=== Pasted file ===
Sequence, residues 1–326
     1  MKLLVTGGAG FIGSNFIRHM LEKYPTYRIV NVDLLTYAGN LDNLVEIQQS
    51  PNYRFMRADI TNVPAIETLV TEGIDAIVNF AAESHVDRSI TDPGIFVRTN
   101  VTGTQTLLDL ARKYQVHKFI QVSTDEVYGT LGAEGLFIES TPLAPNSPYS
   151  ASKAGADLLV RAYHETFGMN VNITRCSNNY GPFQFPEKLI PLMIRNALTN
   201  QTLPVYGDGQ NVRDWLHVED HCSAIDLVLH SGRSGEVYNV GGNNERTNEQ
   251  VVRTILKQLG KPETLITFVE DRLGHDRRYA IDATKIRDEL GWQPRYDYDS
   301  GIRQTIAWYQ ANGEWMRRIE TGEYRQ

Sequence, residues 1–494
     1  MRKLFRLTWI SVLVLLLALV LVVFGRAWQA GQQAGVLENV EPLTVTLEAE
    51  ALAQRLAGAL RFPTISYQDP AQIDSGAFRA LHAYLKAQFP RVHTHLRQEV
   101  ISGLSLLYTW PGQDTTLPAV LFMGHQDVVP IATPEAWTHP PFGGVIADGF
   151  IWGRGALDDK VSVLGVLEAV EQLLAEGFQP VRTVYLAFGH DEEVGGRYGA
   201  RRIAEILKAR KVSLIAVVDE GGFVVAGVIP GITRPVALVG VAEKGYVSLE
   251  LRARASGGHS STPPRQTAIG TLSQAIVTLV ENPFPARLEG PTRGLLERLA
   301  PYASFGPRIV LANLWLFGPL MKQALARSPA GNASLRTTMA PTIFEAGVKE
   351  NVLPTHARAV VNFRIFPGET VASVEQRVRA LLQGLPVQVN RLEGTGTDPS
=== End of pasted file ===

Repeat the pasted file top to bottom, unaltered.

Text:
Sequence, residues 1–326
     1  MKLLVTGGAG FIGSNFIRHM LEKYPTYRIV NVDLLTYAGN LDNLVEIQQS
    51  PNYRFMRADI TNVPAIETLV TEGIDAIVNF AAESHVDRSI TDPGIFVRTN
   101  VTGTQTLLDL ARKYQVHKFI QVSTDEVYGT LGAEGLFIES TPLAPNSPYS
   151  ASKAGADLLV RAYHETFGMN VNITRCSNNY GPFQFPEKLI PLMIRNALTN
   201  QTLPVYGDGQ NVRDWLHVED HCSAIDLVLH SGRSGEVYNV GGNNERTNEQ
   251  VVRTILKQLG KPETLITFVE DRLGHDRRYA IDATKIRDEL GWQPRYDYDS
   301  GIRQTIAWYQ ANGEWMRRIE TGEYRQ

Sequence, residues 1–494
     1  MRKLFRLTWI SVLVLLLALV LVVFGRAWQA GQQAGVLENV EPLTVTLEAE
    51  ALAQRLAGAL RFPTISYQDP AQIDSGAFRA LHAYLKAQFP RVHTHLRQEV
   101  ISGLSLLYTW PGQDTTLPAV LFMGHQDVVP IATPEAWTHP PFGGVIADGF
   151  IWGRGALDDK VSVLGVLEAV EQLLAEGFQP VRTVYLAFGH DEEVGGRYGA
   201  RRIAEILKAR KVSLIAVVDE GGFVVAGVIP GITRPVALVG VAEKGYVSLE
   251  LRARASGGHS STPPRQTAIG TLSQAIVTLV ENPFPARLEG PTRGLLERLA
   301  PYASFGPRIV LANLWLFGPL MKQALARSPA GNASLRTTMA PTIFEAGVKE
   351  NVLPTHARAV VNFRIFPGET VASVEQRVRA LLQGLPVQVN RLEGTGTDPS